Tuesday, February 14, 2012

Taking the crazy out of packing the workboxes.

So apparently I am not bright enough to delete photos on my new camera and can't find my memory card. So we'll have to go without visuals on this one.

I try to make packing the kids' workboxes as hassle free as possible.

Some of the kids' assignments are on the computer. For those, I laminated cards that say "Reading Eggs - 30 min" or "Teaching Textbooks, next lesson."

For the rest of the stuff, I have a general order for each kid. I wrote it out on a piece of paper, laminated it and keep in the front of their desk apprentice.

For example (keep in mind that Bible/art/history/science are all being done together):

Luke's Boxes

1: All About Reading
2. Critical Thinking
3. Handwriting
4. Singapore Math
5. Hands on (I try to pick one hands on math assignment here, like using C-rods or counting bears or another math manipulative)
6. Blank
7. Blank
8. Reading Eggs

So, the ones with dedicated assignments are easy. I just put that book into the folder or magazine holder. For the others, things are more complicated.

On Sunday evenings I go over our TOG and science plans for the week. If there are any worksheets or projects that I want to do, I assemble them and put them in folders in my desk apprentice. I have a folder for each child. Some things may be appropriate for just the older kids or just the youngers, so I just print out as many copies as I need. I also spend a lot of time perusing Pinterest and other hs sites, so when I see a project or worksheet that any of the kids might like I print it and put it in their folder.

So each night as I pack the next day's boxes, I just go to that child's folder and choose whichever worksheets/projects I need to fill their boxes. I have a stash of logic puzzles I can use to fill boxes in another folder as well. And, of course, all the file folder games.

Doesn't take me longer than 10-15 minutes at most. And as I pack their boxes, I check the previous day's assignments.

Monday, February 06, 2012

Our new homeschool system

So, as we've added pupils to the school, organization has become more and more important. When educating more than one child with a learning challenge, it becomes vital. This year, we began using a modified workbox system.

She suggests dividing the work into 12 boxes per child, per day. Since we do unit studies, all the children are studying the same science, history, Bible and art. This means we begin our day on the reading carpet and listen as I read from our various "living books" (we try to choose more real books and fewer textbooks). We pray together and if we have an art project for the day, we complete it after carpet time.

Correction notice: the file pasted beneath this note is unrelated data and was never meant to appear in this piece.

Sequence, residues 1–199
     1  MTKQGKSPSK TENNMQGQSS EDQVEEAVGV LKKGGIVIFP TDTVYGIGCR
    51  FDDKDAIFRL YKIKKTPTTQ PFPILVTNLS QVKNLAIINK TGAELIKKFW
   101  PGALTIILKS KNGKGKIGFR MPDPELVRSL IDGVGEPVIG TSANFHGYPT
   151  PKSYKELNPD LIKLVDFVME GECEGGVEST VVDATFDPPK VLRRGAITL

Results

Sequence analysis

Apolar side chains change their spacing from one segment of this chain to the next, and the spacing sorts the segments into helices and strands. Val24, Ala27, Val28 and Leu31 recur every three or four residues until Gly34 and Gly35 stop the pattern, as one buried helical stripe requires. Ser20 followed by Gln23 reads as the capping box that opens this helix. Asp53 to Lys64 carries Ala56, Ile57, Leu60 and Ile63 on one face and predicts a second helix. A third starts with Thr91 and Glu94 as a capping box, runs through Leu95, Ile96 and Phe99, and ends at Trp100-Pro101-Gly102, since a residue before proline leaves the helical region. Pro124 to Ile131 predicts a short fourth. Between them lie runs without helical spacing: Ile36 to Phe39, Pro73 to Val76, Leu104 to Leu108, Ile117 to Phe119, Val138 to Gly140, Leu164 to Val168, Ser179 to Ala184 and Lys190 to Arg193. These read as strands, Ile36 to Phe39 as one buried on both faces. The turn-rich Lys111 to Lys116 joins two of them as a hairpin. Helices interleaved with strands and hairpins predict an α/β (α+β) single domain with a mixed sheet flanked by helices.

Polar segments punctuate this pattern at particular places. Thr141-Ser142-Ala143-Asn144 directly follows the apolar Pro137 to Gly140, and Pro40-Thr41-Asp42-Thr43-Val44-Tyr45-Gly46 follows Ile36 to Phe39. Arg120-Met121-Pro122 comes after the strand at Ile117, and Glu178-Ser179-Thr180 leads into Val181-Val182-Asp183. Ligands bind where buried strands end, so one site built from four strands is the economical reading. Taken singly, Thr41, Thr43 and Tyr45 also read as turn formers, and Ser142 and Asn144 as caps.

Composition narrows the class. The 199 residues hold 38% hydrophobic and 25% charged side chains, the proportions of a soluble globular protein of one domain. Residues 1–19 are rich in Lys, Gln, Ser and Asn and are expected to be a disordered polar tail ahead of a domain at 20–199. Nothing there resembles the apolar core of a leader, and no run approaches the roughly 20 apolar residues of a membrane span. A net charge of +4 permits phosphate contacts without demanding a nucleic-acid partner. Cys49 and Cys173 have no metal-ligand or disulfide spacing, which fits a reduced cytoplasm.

This year we put up a reading tree. Every time we complete a read-aloud, we add a leaf to our tree. Our goal is 1000 books between 10/11 and 10/12.

This is the whole school room:

You can see my desk on the left there, with my filing cabinets. The desk on the right side of mine faces the children's area and its drawers hold all of our colored paper and supplies. I also have a desk apprentice on that side with my stuff in it.

Yes, that is a dishwasher rack sitting on the left side of my desk. It is perfect for book storage. It allows me to flip through our current or future read-alouds easily. My file cabinet is full of file-folder games for the children's workboxes. These are easy to make games that reinforce skills the children are learning. Most include a key so the child can self-check.

Here are Luke and Abby's desks:

Each child's area has a desk apprentice, a bookshelf, a desk, chair, and a light. Sue Patrick suggests using all plastic shoeboxes for the workboxes but we found that to be unwieldy. So we use a combination of magazine files, plastic shoeboxes and file folders.

Each day I pack the children's boxes/folders with their assignments for the day. If it is a workbook, I put a sticky note on that day's workpages. They begin with #1 and work through #8. As they complete each box/folder, they remove the number from the velcro and place it on their docking station.

Then they place their finished work in their worktub. (See the white tub to the left of his desk apprentice?)

I begin with Luke and work around to Nate. So I try to stack the older kids' boxes with assignments they can complete on their own in the early boxes. If they get stuck on a box, they can simply replace it in their folder and wait for me to get to them.

Each child has his/her own space to be responsible for. I tried to design cute docking stations for each child's numbers as well.

Here is Abby's desk:

And docking station:

Nate and Anna share the other wall of the school room:

The giant board up on the wall is our All About Spelling/All About Reading board. I am in love with this O-G based phonics/spelling program and have seen all four kids growing in their spelling and reading since beginning this fall.

When we use the board, I just pull it down from the wall and set it against the end of the table on the floor. We do our assignment and then put it back up. This keeps Leah Claire out of the letters.

Here is Anna's docking station:

And Nate's (those are supposed to be Legos, no mocking the art skills):

You may have noticed a couple of extra squares on each child's station. Those are for "bonus boxes." Usually a board game or fun activity that they may choose to do when they finish school.

So there you have it, the Pfanstiel school system. Love to help anyone out or take suggestions!